PDF: Eric Schmidt

Google’s head, Eric Schmidt, is talking with the New York Times’ Tom Friedman at PDF.

Schmidt says the most obvious use of the internet in politics is as a truth detector: We can look up what politicians have said and we can refute fact.

He also says that voters will become much less likely to believe the first thing that comes at them because there is so much more coming. This is the model of news going forward as it becomes more universal and instantaneous.

Friedman quotes a friend who says that a young George Bush would never get elected today — no, not for the obvious reason — because if there would have been cell phone cameras and pictures of his wild days at Yale. Friedman says that when people our age go for jobs, we present our resume: our proxy of ourselves. Now that identity is online and out of our control. Schmidt says that he thinks there should be a law allowing us all to change our names at 21: everything before is erased.

I think there is also an issue of mutual assured destruction: Let he who has nothing embarrassing searchable on Google cast the first stone.

Friedman also tells a story that in essence makes us all politicians, all public figures: He was at an airport newsstand and a woman thought he cut in front of her and she snarled, “I know who you are.” He says today he’d buy the woman’s magazine hoping she wouldn’t go blog the episode, creating a reputation for that rude guy from the New York Times.

Friedman tells the story of how in a recent Bahraini election voters used Google Earth to take pictures of what was behind the walls of the palaces and estates of the ruling family. Schmidt says the government tried to shut down Google Earth but there was a backlash and they had to turn it back on again, all of which only drew more attention to it. Online, as in the White House, the coverup is worse than the crime.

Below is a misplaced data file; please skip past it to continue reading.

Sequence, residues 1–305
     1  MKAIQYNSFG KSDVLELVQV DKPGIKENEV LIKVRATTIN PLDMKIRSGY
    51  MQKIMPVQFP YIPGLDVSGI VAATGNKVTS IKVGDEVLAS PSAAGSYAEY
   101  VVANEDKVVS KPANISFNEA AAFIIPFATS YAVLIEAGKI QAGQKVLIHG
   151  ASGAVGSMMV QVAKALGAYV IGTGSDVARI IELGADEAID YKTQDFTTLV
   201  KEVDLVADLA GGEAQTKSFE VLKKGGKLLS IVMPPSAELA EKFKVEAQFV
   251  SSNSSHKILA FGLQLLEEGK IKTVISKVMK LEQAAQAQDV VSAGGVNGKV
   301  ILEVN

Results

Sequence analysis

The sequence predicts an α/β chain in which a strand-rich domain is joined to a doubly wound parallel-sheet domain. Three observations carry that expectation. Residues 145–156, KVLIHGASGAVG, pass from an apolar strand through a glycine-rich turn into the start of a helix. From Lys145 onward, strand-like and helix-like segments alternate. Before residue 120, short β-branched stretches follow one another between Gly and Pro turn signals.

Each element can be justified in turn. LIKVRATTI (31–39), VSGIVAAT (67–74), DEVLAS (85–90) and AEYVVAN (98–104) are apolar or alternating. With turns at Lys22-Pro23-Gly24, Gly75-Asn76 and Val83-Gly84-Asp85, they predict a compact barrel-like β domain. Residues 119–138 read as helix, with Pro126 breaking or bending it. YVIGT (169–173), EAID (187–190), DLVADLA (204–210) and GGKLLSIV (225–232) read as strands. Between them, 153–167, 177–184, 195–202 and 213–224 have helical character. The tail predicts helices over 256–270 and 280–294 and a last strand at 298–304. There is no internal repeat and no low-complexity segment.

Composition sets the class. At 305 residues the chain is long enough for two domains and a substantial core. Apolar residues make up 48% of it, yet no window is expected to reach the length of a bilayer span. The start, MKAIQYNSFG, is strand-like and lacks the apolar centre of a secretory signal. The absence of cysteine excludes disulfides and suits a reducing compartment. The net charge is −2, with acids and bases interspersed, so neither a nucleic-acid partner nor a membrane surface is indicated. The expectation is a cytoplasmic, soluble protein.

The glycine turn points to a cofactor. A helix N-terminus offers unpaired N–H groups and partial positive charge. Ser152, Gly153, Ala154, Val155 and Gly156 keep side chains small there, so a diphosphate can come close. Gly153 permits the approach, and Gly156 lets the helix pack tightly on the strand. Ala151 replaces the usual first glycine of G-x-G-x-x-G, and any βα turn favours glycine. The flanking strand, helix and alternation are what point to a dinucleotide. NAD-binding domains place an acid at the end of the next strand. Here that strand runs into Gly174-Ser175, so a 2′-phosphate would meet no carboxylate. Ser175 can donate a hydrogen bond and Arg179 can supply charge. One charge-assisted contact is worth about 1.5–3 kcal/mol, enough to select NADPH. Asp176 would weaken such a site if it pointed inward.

(Crossposted from PrezVid)

  • http://michaelzimmer.org Michael Zimmer

    For the big names, this panel isn’t really all that insightful.

    “because if there would have been cell phone cameras and pictures of his wild days at Yale” -yeah, we all pretty much figured that one out long ago.

    “Schmidt says that he thinks there should be a law allowing us all to change our names at 21: everything before is erased.” Um, there’s nothing preventing anyone from legally changing their name. The bigger point for Mr. Schmidt to consider is that we should be able to erase everything Google has collected about its users thanks to their tracking cookies and Google Accounts.

    “Friedman tells the story of how in a recent Bahraini election voters used Google Earth to take pictures of what was behind the walls of the palaces and estates of the ruling family.” That was covered 6 months ago.

    I’m sure this is a nifty event, by why pay $250 to hear a bunch celebrity-types regurgitate the same old blather? If they really wanted a conference on “personal democracy” it would be free and have a bunch of average citizens talking about their political lives.

    (apparently I woke up on the wrong side of the bed this morning)

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  • http://www.edcone.com Ed Cone

    MZ, your reaction was widely shared by the attendees to whom I spoke.

    Google’s paid slot on the program was not compelling stuff — and Friedman’s subsequent solo spot was much worse.

    My review of the event is here.

  • http://ari.typepad.com Steve Rhodes

    Video of it is at

    http://www.youtube.com/watch?v=ut3yjR7HNLU

    (it is interesting that google can put long videos on youtube – it should be an option for others)

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